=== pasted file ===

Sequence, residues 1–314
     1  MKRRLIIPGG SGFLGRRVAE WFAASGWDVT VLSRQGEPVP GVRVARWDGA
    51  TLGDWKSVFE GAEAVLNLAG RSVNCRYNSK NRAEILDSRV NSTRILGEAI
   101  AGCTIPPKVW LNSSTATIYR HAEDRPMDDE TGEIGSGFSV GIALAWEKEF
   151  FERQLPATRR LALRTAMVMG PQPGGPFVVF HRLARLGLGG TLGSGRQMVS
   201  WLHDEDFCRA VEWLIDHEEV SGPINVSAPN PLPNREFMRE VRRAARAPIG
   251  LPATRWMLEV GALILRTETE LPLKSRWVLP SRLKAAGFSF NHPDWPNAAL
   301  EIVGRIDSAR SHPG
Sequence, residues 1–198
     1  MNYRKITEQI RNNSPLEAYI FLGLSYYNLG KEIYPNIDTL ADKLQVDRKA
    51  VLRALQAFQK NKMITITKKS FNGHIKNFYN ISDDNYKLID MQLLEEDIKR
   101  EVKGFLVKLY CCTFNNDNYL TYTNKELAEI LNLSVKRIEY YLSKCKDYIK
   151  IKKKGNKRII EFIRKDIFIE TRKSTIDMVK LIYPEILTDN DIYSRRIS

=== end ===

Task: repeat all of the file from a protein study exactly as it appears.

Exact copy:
Sequence, residues 1–314
     1  MKRRLIIPGG SGFLGRRVAE WFAASGWDVT VLSRQGEPVP GVRVARWDGA
    51  TLGDWKSVFE GAEAVLNLAG RSVNCRYNSK NRAEILDSRV NSTRILGEAI
   101  AGCTIPPKVW LNSSTATIYR HAEDRPMDDE TGEIGSGFSV GIALAWEKEF
   151  FERQLPATRR LALRTAMVMG PQPGGPFVVF HRLARLGLGG TLGSGRQMVS
   201  WLHDEDFCRA VEWLIDHEEV SGPINVSAPN PLPNREFMRE VRRAARAPIG
   251  LPATRWMLEV GALILRTETE LPLKSRWVLP SRLKAAGFSF NHPDWPNAAL
   301  EIVGRIDSAR SHPG
Sequence, residues 1–198
     1  MNYRKITEQI RNNSPLEAYI FLGLSYYNLG KEIYPNIDTL ADKLQVDRKA
    51  VLRALQAFQK NKMITITKKS FNGHIKNFYN ISDDNYKLID MQLLEEDIKR
   101  EVKGFLVKLY CCTFNNDNYL TYTNKELAEI LNLSVKRIEY YLSKCKDYIK
   151  IKKKGNKRII EFIRKDIFIE TRKSTIDMVK LIYPEILTDN DIYSRRIS